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August 2, 2015 / 17 Av, 5775
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What, Me Pessimistic? Egyptian Election Outcome is Worse Than I Expected

Tahrir Square protester, January 2011

Tahrir Square protester, January 2011
Photo Credit: Floris Van Cauwelaert

Since last February I have predicted that the Muslim Brotherhood would win elections in Egypt. People have thought me very pessimistic. Now the votes are starting to come in and…it’s much worse than I thought. But my prediction that the Brotherhood and the other Islamists would gain a slight majority seems to have been fulfilled and then some. According to most reports the Brotherhood is scoring at just below 40 percent all by itself.

Why worse? For two reasons:

First, the votes we now have come from the most urban areas of the country. If there are Facebook sophisticates they’re going to be in Cairo and Alexandria. If the moderates do that bad in the big cities, what’s going to happen in the villages up the Nile? If the fascist party came in first in some European countries Social Democratic districts you know you are in trouble.

The Brotherhood came in first in Cairo and Alexandria. Think about that. Of course there are millions of migrants from rural areas in those places but that’s also where the middle class, such as it is, lives.

Second, the moderate parties didn’t even come in second they came in third or close to it. The Salafists—that is people who are even more radical than the Muslim Brotherhood—came in second. That they did that well is a surprise. That they did that well without bumping the Brotherhood down a notch is really shocking.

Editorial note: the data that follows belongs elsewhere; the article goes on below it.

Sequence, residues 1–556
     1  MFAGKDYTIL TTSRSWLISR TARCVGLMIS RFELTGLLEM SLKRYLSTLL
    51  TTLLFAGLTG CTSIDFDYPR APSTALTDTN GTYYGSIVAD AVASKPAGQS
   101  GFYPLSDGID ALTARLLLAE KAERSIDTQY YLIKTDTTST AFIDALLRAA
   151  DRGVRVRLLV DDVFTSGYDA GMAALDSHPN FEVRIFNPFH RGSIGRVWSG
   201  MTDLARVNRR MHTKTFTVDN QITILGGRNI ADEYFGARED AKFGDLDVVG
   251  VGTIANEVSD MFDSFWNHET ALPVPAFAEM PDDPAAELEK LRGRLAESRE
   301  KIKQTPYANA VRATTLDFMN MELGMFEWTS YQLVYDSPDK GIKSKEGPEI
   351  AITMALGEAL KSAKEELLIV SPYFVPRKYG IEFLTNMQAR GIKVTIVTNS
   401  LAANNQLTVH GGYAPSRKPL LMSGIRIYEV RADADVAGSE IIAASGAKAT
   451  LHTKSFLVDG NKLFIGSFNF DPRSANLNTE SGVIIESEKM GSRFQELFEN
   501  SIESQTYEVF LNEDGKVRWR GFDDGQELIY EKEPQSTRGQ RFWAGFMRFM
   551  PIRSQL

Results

Estimates for the Justice Party, the Facebook kids of January are getting 5 to 10 percent. Even together with the other two main moderate parties that means the liberals won’t be able to block anything. Already the Brotherhood is tasting blood and talking about pressing the army junta to accelerate the turnover of power.

It’s hard to see, though that there can be any such transfer of power. The voting is far from finished and will be going on for about three months more, followed by a presidential election. Oh, yes, the results so far suggest that the Islamists will also win the presidency.

That’s when the fun really starts. President Barack Obama is going to face a challenge he is incapable of meeting since he doesn’t even understand what’s going on. He’s like a man who has been told that a ferocious lion is really a playful kitten and then tries to feed it by hand.

Or, to switch metaphors in the middle of the stream of thought, perhaps Dr. Frankenstein is a more apt image:

“`When younger,’” said he, `I believed myself destined for some great enterprise….I could not rank myself with the herd of common projectors. But this thought, which supported me in the commencement of my career, now serves only to plunge me lower in the dust. All my speculations and hopes are as nothing; and, like the archangel who aspired to omnipotence, I am chained in an eternal hell.’” –   Mary Shelley, Frankenstein

For the purposes of this election, Egypt has been divided into three sections and each section will have a second round. I predict the moderates will fail to work together and that the Islamists will thus end up doing even better than it seems now.

The Wall Street Journal correspondent is saying that the Salafists will push the Brotherhood further to the “right” and that’s a very sensible point. Why should the Brotherhood even pretend to be moderate when the people have spoken and they want Sharia with cherries on top.

So the Islamists won and the election was fair. Should we feel good that democracy has functioned and that the people are getting what they want?

Or should we feel bad that the people want a repressive dictatorship, the repression of women, the suppression of Christians, conflict with Israel, hatred of the West, and the freezing of Egyptian society into a straitjacket that can only lead to continue poverty and increasing suffering?

As the vote count becomes clearer, I’ll be refining my analysis but now we know: This is what [Egyptian] democracy looks like.

This article first appeared on RubinReports.

About the Author: Professor Barry Rubin is director of the Global Research in International Affairs (GLORIA) Center and editor of the Middle East Review of International Affairs (MERIA) Journal. See the GLORIA/MERIA site at www.gloria-center.org.


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